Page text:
First set: Nadal* 2-3 Zverev (*denotes server). Nadal’s strongest game so far. His first drop shot of the match yields a point and is followed by an ace – beauty and brutality. But Zverev has the upper hand in the next rally, and Nadal scuffs a forehand into the net. Another strong serve gives Nadal a cushion, and he secures a comfortable hold when Zverev is forced to hit long.
First set: Nadal 1-3 Zverev* (*denotes server). Zverev comes to the net and dominates a rally that he settles with a withering backhand volley. He moves swiftly to 40-0, as Nadal can’t find the ascendance in another long rally. A rare underhit shot though is followed by a miscued forehand long but Zverev seals his service game with a strong serve.
First set: Nadal* 1-2 Zverev (*denotes server). There’s no doubt that Zverev looks the more powerful and potent player so far, as demonstrated by a fine angled forehand winner from the back of the court. Nadal responds with a fierce serve that Zverev nets, but he’s pushed around again on his serve and Zverev passes him for 15-30. Nadal then finally gets some ascendancy in a rally to force Zverev to hit long, and follows it up with another couple of excellent first serves to get himself up and running.
First set: Nadal 0-2 Zverev* (*denotes server). A fierce first serve earns Zverev his first service point, which he follows with a stunning forehand winner down the line and an unstoppable ace. He’s denied an eighth point in a row by an overlong forehand, an error he repeats to get Nadal back to 40-30. But Zverev’s pace and power are too much for Nadal in the next rally, and the German wraps up the hold.
First set: Nadal* 0-1 Zverev (*denotes server). Zverev breaks straight away. Nadal wins the first point after Zverev’s return loops off the net and beyond the baseline, and the second with a raking crosscourt forehand. Zverev responds with a fierce forehand winner after a lengthy rally, and outpoints him in the next one too to make it 30-all. He earns a break point after Nadal nets, and he converts it when Nadal hits long. Zverev’s height and strength are to the fore there, and Rafa’s up against it early on.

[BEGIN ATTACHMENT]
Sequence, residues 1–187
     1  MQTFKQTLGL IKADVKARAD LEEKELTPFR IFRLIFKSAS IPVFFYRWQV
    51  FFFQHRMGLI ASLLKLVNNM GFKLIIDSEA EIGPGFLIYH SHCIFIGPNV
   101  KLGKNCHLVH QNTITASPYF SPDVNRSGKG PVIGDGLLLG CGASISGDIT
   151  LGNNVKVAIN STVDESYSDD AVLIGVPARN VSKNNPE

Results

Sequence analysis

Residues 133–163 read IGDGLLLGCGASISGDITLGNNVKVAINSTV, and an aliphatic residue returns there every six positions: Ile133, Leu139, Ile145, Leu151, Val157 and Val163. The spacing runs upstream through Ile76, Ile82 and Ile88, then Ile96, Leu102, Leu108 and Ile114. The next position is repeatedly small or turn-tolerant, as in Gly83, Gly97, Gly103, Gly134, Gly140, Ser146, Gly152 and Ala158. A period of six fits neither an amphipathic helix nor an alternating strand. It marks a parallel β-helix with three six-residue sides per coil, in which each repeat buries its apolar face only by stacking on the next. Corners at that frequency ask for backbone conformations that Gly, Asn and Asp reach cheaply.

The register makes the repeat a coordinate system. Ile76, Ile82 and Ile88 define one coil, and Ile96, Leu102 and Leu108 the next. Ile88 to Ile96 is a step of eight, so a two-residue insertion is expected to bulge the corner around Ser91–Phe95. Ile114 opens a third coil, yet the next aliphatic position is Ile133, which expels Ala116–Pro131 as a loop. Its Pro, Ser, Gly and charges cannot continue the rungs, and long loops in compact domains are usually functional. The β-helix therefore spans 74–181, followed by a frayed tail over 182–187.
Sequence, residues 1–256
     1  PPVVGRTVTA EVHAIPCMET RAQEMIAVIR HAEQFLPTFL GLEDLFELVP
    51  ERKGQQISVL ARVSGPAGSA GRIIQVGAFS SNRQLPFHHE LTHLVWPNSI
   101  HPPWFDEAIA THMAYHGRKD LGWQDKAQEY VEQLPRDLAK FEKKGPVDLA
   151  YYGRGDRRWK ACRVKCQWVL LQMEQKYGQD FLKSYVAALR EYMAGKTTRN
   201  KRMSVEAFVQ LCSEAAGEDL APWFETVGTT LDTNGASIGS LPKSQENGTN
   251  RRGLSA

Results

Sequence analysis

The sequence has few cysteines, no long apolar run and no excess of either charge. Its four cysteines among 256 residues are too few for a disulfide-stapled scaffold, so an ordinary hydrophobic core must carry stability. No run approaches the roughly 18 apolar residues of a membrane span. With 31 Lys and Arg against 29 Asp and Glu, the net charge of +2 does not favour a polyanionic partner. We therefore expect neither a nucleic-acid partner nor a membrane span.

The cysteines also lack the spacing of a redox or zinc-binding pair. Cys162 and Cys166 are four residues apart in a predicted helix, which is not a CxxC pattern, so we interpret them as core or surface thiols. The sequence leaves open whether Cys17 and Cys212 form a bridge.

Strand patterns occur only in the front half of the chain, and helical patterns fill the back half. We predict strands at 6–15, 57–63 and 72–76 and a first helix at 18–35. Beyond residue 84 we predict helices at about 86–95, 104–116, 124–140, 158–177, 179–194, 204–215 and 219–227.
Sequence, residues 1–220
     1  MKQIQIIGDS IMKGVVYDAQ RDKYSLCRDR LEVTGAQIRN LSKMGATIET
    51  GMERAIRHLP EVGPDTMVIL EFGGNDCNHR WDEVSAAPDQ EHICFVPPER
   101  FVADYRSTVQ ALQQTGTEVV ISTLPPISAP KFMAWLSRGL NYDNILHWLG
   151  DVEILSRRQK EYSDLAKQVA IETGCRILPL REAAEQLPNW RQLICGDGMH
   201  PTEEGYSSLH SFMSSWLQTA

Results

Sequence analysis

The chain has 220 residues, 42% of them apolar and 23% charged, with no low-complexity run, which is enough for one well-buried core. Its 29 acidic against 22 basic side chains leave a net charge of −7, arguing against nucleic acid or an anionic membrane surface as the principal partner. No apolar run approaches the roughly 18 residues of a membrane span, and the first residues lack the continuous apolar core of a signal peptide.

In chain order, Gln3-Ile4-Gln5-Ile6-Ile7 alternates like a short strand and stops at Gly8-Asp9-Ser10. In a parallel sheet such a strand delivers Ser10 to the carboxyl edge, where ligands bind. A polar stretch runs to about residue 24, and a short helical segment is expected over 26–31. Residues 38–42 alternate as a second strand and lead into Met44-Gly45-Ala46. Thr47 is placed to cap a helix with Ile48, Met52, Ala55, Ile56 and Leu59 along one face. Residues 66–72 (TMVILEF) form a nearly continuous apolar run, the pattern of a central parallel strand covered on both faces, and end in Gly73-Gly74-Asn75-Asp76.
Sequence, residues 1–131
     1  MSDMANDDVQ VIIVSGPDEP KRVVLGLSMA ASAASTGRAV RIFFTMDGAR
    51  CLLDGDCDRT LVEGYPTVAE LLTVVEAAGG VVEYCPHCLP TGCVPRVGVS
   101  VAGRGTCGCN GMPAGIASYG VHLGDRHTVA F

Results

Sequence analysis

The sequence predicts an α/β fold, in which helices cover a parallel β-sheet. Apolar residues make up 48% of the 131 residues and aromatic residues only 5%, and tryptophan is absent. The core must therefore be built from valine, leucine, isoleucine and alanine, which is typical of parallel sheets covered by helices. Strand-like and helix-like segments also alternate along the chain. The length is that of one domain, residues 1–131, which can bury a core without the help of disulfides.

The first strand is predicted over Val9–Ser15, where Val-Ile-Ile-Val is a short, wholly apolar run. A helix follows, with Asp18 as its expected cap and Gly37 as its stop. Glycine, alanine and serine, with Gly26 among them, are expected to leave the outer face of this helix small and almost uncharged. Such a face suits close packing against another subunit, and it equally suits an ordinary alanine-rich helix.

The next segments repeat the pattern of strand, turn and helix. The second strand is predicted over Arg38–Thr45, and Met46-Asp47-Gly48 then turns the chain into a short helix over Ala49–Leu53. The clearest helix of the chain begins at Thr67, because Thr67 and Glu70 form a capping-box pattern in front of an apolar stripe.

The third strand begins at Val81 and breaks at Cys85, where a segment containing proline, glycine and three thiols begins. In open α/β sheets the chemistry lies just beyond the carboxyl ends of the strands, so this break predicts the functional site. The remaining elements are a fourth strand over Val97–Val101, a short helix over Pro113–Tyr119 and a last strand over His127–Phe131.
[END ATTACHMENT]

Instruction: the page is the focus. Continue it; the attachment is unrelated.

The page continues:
Nadal has to 6-3 winning record against Zverev, but the German has won three of their four most recent meetings, including one on clay in Madrid last year.
Out come the players. Huge cheers for Nadal, who emerges first, and a rather more restrained one for Zverev, but no boos. It’s properly chucking it down in Paris, and a small huddle of spectators are braving it out in ponchos on deckchairs at Roland Garros’s Henman Hill equivalent.
british interest in the wheelchair doubles final:
Talking of Coco Gauff, she’s only gone and reached the women’s doubles final too, she and Jessica Pegula beating Marion Keyes and Taylor Townsend 6-4, 7-6. The eighth-seeded American pair will play either Lyudmyla Kichenok and Jelena Ostapenko or Caroline Garcia and Kristina Mladenovic, who are currently in a deciding set, in the final.
In weather news, it’s raining in Paris. So Nadal and Zverev will face off under the roof on Philippe Chatrier.
And the Argentinian Gustavo Fernández and Shingo Kunieda of Japan are in the men’s wheelchair doubles final after beating the No2 seeds Stéphane Houdet and Nicolas Peifer.
Pre-match reading. Our man in Paris on Nadal’s ongoing love affair with Roland Garris:
And a profile of tomorrow’s teenage women’s finalist, by Caira Conner:
Afternoon everyone. And welcome to men’s semi-finals day. If the quarters were anything to go by, we’re going to be strapping in for a long ride. We kick off course with Rafael Nadal against alexander zverev, where we’ll get to see just how much that epic quarter-final win over Novak Djokovic has taken out of the Spaniard. If his fitness holds up, Nadal is well placed to claim that 14th Roland Garros title, and with Djokovic and Carlos Alcaraz out of the way his chances may be strengthened. But Alcaraz’s conqueror, Zverev, will present a formidable challenge. He’s crept through this French Open slightly under the radar but his composed defeat of Alcaraz served notice of his threat from him.
After that, a resurgent Marin Cilic takes on the promising Norwegian Casper Ruud, who predicted he wouldn’t sleep until 4am after his four-set victory over Holger Rune. Assuming he’s rested up, he’ll pose a stern test to Cilic, who’s riding a crest of a wave after ousting Daniil Medvedev and seeing off Andrey Rublev in a magnificent quarter-final on Wednesday.
Should all be well worth hanging around for. Nadal v Zverev starts around 1.45pm BST.